The Association of Personal Injury Lawyers (APIL) has found that the proportion of roads gritted in poor weather fluctuates wildly - from 16% to 50% - depending on the county.
A ruling in the House of Lords in September 2000 found that local councils are not legally liable for failing to salt roads, but the Audit Commission has recommended that a reasonable figure should be between 24% and 38%.
The APIL survey noted that budgetary constraints are now the main influence on levels of gritting. Frances McCarthy, president of APIL said: 'The fact that many local authorities have already made the link between salting and budgets is extremely worrying. Something has to be done to make local authorities accountable.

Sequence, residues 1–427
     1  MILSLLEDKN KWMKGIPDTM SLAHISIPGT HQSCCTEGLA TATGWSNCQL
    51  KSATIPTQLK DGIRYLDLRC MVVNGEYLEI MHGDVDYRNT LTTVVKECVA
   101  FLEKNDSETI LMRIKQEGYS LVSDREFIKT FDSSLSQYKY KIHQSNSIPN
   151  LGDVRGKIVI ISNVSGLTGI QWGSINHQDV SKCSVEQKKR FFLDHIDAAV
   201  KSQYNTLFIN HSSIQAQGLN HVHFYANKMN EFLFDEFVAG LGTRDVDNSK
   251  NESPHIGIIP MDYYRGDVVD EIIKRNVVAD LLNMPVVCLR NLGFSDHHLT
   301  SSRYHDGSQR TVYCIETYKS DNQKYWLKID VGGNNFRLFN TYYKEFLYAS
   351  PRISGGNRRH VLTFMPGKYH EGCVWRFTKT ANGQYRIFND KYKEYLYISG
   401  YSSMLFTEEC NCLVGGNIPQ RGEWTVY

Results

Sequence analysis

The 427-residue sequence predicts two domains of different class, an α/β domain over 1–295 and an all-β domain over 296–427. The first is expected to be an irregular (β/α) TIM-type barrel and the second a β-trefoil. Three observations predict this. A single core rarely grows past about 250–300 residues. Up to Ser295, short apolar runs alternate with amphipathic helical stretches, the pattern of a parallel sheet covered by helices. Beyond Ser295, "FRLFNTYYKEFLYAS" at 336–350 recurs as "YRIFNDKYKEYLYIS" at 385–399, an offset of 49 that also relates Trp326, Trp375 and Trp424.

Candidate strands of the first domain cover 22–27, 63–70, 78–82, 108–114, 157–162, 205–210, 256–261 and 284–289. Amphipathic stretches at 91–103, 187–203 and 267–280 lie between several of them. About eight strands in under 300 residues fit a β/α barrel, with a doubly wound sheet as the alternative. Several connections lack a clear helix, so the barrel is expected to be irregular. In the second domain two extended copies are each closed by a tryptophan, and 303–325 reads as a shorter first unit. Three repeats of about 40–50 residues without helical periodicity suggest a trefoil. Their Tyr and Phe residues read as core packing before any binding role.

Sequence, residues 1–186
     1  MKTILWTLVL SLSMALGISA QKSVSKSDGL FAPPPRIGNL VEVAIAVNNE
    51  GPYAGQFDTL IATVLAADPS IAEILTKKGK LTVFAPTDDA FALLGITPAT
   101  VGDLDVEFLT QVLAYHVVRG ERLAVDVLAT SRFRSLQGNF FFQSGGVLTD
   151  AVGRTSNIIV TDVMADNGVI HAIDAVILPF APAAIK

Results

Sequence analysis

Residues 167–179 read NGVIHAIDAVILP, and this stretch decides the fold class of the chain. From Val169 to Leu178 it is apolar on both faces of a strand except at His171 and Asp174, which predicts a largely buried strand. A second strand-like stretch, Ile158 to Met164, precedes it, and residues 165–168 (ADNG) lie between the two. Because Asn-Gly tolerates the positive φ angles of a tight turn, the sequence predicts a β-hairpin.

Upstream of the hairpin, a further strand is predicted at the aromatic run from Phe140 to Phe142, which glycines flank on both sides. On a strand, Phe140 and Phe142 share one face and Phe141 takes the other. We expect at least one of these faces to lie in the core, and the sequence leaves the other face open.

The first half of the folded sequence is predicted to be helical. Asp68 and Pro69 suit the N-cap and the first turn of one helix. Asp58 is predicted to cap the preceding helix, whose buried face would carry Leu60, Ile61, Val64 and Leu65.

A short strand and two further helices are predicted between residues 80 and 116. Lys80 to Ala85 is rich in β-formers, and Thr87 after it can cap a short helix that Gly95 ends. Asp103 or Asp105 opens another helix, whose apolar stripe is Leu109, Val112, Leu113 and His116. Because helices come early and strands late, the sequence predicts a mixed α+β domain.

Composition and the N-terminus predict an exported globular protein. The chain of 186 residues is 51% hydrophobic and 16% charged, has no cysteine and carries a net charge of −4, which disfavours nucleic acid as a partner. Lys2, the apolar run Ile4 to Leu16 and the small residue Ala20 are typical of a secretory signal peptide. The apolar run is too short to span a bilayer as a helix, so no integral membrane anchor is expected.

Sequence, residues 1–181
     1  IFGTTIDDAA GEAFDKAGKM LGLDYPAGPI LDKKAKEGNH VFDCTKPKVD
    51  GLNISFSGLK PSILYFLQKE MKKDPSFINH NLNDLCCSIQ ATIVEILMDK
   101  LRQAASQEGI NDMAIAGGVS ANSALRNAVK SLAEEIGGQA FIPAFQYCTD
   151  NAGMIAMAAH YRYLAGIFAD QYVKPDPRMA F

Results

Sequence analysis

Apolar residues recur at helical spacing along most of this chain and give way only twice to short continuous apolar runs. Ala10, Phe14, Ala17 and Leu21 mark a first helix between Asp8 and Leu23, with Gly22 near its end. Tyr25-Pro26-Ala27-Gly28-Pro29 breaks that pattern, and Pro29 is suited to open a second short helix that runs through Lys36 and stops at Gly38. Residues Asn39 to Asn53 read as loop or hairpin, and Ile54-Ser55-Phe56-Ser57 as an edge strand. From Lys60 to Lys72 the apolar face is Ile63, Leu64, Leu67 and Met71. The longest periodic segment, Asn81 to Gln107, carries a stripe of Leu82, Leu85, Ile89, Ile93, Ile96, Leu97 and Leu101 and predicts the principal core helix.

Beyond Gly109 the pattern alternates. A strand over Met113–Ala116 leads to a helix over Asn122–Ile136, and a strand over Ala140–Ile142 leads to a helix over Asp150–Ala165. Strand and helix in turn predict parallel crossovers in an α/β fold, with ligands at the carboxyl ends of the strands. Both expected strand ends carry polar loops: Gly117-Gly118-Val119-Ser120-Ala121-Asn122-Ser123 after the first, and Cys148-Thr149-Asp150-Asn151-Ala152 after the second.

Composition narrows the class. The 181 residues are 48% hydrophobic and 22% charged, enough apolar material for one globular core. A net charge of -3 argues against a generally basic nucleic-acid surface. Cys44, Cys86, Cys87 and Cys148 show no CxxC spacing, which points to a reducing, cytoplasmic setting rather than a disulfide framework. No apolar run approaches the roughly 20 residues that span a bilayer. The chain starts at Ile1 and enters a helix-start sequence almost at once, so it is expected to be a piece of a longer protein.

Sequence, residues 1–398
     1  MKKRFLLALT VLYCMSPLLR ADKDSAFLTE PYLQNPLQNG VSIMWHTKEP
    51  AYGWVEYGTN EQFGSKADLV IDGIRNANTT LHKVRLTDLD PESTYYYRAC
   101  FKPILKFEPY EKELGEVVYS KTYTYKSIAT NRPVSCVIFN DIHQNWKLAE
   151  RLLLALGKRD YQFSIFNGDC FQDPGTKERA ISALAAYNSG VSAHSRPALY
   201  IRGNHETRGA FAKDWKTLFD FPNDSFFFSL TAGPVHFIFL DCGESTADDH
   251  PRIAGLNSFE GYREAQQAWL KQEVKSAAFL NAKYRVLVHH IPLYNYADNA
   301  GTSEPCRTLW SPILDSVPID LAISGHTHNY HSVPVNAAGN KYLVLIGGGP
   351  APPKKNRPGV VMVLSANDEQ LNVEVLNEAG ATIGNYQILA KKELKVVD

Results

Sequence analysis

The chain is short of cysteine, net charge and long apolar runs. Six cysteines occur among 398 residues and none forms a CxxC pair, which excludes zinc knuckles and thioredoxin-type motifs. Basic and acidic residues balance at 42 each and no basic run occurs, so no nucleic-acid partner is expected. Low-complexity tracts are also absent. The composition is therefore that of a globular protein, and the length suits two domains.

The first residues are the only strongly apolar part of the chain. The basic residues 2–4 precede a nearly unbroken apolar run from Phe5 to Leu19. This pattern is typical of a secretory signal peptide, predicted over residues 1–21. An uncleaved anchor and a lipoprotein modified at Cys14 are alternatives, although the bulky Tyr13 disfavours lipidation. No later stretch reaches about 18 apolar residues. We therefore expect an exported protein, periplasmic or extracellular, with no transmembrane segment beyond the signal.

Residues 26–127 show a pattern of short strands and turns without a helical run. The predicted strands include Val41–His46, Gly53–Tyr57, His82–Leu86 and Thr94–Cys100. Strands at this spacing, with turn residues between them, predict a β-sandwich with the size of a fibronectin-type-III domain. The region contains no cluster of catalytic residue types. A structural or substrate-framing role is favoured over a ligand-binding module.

'People's lives are at stake here and we are really worried that, if local authorities cannot be held accountable, they may be tempted to cut corners if road safety budgets become tight.'
Edmund King, executive director of the RAC Foundation, said: 'With such big inconsistencies between local authorities' gritting plans there is a road safety lottery in parts of the country. We will be urging the Government to review local authorities' commitment to grit roads as a matter of urgency.'